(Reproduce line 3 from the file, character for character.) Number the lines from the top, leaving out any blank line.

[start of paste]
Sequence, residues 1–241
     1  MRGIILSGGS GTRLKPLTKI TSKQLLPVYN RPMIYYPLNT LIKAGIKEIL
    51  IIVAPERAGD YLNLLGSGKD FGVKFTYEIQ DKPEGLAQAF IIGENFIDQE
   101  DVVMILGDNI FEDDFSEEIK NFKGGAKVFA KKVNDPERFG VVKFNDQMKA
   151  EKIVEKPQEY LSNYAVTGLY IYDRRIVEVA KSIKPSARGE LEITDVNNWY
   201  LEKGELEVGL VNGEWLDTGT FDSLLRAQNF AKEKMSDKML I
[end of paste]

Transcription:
    51  IIVAPERAGD YLNLLGSGKD FGVKFTYEIQ DKPEGLAQAF IIGENFIDQE